This post was contributed by Wendy Betts, Project Director at eyeWitness to Atrocities.
The Guiding Principles on Business and Human Rights (UNGPs), in urging businesses to avoid causing or contributing to human rights violations and urging states to address business involvement in human rights violations, identify the heightened risk for gross violations in conflict-affected areas. Indeed, businesses increasingly have come under scrutiny, legal or otherwise, for their conduct in conflict zones that may have contributed to human rights abuses or even war crimes (readers can find several examples here, here and here).
In general, effective monitoring of the UNGPs requires access to accurate and verifiable information on corporate conduct and the human rights situation. Under normal circumstances, access to this information can be challenging. In conflict zones, the difficulty increases significantly.
The International Bar Association (IBA) recently launched a tool, designed for use in conflict zones, that can be used to secure evidence of gross violations of human rights, by business or others. The IBA’s eyeWitness to Atrocities app (www.eyewitnessproject.org) is a mobile camera app designed to record video and take photos in a manner that will facilitate authentication of the footage.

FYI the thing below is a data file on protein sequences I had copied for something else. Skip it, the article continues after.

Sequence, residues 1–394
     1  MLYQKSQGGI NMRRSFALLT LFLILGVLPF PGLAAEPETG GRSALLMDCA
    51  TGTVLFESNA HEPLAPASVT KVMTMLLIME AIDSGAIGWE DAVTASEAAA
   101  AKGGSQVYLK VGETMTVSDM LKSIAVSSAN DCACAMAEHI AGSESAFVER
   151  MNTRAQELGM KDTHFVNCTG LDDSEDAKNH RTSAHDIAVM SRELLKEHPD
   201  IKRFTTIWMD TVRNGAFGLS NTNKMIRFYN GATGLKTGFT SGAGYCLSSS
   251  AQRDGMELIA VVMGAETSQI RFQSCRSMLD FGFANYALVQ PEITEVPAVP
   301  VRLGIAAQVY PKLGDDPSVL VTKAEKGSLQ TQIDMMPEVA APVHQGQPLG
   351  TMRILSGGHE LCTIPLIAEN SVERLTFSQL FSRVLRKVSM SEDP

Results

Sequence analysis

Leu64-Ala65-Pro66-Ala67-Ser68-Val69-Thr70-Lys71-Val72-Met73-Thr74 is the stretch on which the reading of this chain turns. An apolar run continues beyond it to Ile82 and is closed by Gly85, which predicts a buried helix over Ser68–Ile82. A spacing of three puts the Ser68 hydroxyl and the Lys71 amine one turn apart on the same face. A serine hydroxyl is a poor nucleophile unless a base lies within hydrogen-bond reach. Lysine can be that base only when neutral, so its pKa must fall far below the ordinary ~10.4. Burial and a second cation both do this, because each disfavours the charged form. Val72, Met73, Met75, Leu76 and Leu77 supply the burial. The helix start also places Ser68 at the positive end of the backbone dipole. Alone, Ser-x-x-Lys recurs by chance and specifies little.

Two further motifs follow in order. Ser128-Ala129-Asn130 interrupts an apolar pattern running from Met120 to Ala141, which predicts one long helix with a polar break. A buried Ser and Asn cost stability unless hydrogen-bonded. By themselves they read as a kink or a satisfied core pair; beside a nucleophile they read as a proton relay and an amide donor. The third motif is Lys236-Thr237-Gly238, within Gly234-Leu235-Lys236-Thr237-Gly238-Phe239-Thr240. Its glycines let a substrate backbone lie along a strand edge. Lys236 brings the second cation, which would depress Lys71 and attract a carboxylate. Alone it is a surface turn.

In conflict zones, standard record keeping practices may be disrupted, records may be destroyed, and physical access to the affected area to report on the situation is often too dangerous. Thus, in such situations, where the risk of gross violations is at its highest, the ability to monitor adherence to the Principles is at its lowest.
This situation is changing. The rise of technology and social media has transformed the way that individuals and organisations can and do report on human rights violations. The ubiquity of mobile devices and the instant reporting offered by social media or citizen journalism platforms allows ordinary citizens to assist in monitoring the situation on the ground.
The very citizens affected by business conduct in conflict zones can now collect and widely share information that previously would have been inaccessible. However, there are shortcomings in information captured by standard mobile devices that can undermine the ability to effectively use this information for monitoring, reporting, and ultimately accountability and remedy for violations.
Photos and videos that are captured by mobile devices and uploaded to social media sites often do not contain vital information such as the date, time, or geographic coordinates. As a result, it may be difficult, if not impossible, to verify that the footage is original and has not been altered. Verification is particularly challenging if the individual who captured the footage wishes to remain anonymous.
Additionally, for use in a judicial context, the footage lacks a chain of custody record, meaning it is unclear who had access to the footage between the time of capture and its use in court. Therefore, it often is of little or no use to legal authorities in investigating or prosecuting the perpetrators. If the footage does reach a court or other tribunal, it is likely to be rejected or given little weight.